11. The therapeutic treatment device according to claim 9 wherein said handpiece contains a variable focusing element for forming any one of a circular, elliptical and rectangular spot shape at said dermal treatment site.
12. The therapeutic treatment device according to claim 9 wherein said handpiece further incorporates a means for introducing a flow of inert gas directed at said variable focusing optics element to reduce collection of debris on said focusing optics element.
13. The therapeutic treatment device according to claim 9, wherein said cooling fluid is water.
14. The method according to claim 13, wherein said fluid is a spray.
US08/820,761 1996-03-29 1997-03-19 Method and apparatus for laser-assisted hair transplantation Expired - Fee Related US5908417A (en)

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WO2001028447A1 (en) * 1999-10-19 2001-04-26 Wolfgang Illich Method and system for laser surgery
US20090118720A1 (en) * 2001-12-12 2009-05-07 Reliant Technologies, Inc. Dermatological Apparatus and Method
US20070150032A1 (en) * 2002-09-27 2007-06-28 Dornier Medtech Laser Gmbh Laser with intelligent therapeutic fiber
US20040114879A1 (en) * 2002-09-27 2004-06-17 Dornier Medtech Laser Gmbh Laser with intelligent therapeutic fiber
US20070179481A1 (en) * 2003-02-14 2007-08-02 Reliant Technologies, Inc. Laser System for Treatment of Skin Laxity
US20060155266A1 (en) * 2003-03-27 2006-07-13 Dieter Manstein Method and apparatus for dermatological treatment and fractional skin resurfacing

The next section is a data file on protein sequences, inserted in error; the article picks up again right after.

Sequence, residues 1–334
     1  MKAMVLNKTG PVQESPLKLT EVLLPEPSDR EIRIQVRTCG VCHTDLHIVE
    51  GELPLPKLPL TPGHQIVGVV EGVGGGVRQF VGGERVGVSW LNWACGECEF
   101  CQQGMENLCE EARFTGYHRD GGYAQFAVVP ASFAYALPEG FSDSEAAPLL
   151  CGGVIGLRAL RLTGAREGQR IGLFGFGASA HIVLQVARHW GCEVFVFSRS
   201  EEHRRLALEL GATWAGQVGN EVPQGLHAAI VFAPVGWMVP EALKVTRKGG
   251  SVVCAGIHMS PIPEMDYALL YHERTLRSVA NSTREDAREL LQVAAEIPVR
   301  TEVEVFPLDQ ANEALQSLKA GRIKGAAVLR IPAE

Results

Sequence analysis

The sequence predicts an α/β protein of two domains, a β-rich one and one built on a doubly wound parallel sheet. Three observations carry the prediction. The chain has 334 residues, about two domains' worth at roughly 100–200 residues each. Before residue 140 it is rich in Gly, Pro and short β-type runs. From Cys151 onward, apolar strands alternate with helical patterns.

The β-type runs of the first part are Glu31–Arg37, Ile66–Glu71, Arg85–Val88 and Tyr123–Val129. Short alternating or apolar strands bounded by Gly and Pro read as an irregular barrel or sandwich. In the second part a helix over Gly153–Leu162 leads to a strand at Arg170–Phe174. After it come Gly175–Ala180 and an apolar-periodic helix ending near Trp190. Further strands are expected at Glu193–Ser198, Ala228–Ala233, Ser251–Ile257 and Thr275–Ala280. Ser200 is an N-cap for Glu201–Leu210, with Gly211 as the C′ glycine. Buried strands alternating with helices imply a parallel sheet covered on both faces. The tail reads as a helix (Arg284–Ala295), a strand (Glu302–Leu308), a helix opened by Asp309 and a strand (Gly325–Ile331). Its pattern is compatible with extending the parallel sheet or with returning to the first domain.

US20070014521A1 (en) * 2005-04-18 2007-01-18 Dornier Medtech Laser Gmbh Optical fibre
US7503701B2 (en) 2005-04-18 2009-03-17 Dornier Medtech Laser Gmbh Systems and methods for cleaning an optical fibre
US20070155669A1 (en) * 2005-12-30 2007-07-05 Dornier Medtech Laser Gmbh Treatment of cancer by a combination of non-ionizing radiation and androgen deprivation
US20080200395A1 (en) * 2005-12-30 2008-08-21 Dornier Medtech Laser Gmbh Treatment of cancer by a combination of non-ionizing radiation and androgen deprivation
US20070225779A1 (en) * 2006-03-07 2007-09-27 Reliant Technologies, Inc. Treatment of vitiligo by micropore delivery of cells
US20070212335A1 (en) * 2006-03-07 2007-09-13 Hantash Basil M Treatment of alopecia by micropore delivery of stem cells
US20080071258A1 (en) * 2006-04-12 2008-03-20 Vladimir Lemberg System and method for microablation of tissue
EP2007303A4 (en) * 2006-04-12 2011-06-22 Lumenis Ltd System and method for microablation of tissue
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EP2007303A2 (en) * 2006-04-12 2008-12-31 Lumenis Ltd. System and method for microablation of tissue
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US9078680B2 (en) 2006-04-12 2015-07-14 Lumenis Ltd. System and method for microablation of tissue
US20070264626A1 (en) * 2006-05-11 2007-11-15 Reliant Technologies, Inc. Apparatus and Method for a Combination of Ablative and Nonablative Dermatological Treatment
US20070264625A1 (en) * 2006-05-11 2007-11-15 Reliant Technologies, Inc. Apparatus and Method for Ablation-Related Dermatological Treatment of Selected Targets
US20080158629A1 (en) * 2006-10-17 2008-07-03 Dornier Medtech Laser Gmbh Light guide
US8114068B2 (en) 2006-10-17 2012-02-14 Dornier Medtech Laser Gmbh Light guide
US20080208179A1 (en) * 2006-10-26 2008-08-28 Reliant Technologies, Inc. Methods of increasing skin permeability by treatment with electromagnetic radiation
US20110125140A1 (en) * 2008-04-25 2011-05-26 Domier MedTech Laser GmbH Light-Based Method for the Endovascular Treatment of Pathologically Altered Blood Vessels
US9149334B2 (en) 2008-04-25 2015-10-06 Dornier Medtech Laser Gmbh Light-based method for the endovascular treatment of pathologically altered blood vessels
US9168098B2 (en) 2008-04-25 2015-10-27 Dornier Medtech Laser Gmbh Light-based method for the endovascular treatment of pathologically altered blood vessels
US20130006334A1 (en) * 2010-02-04 2013-01-03 Mauro Galli Device for the treatment of the vaginal canal and relevant equipment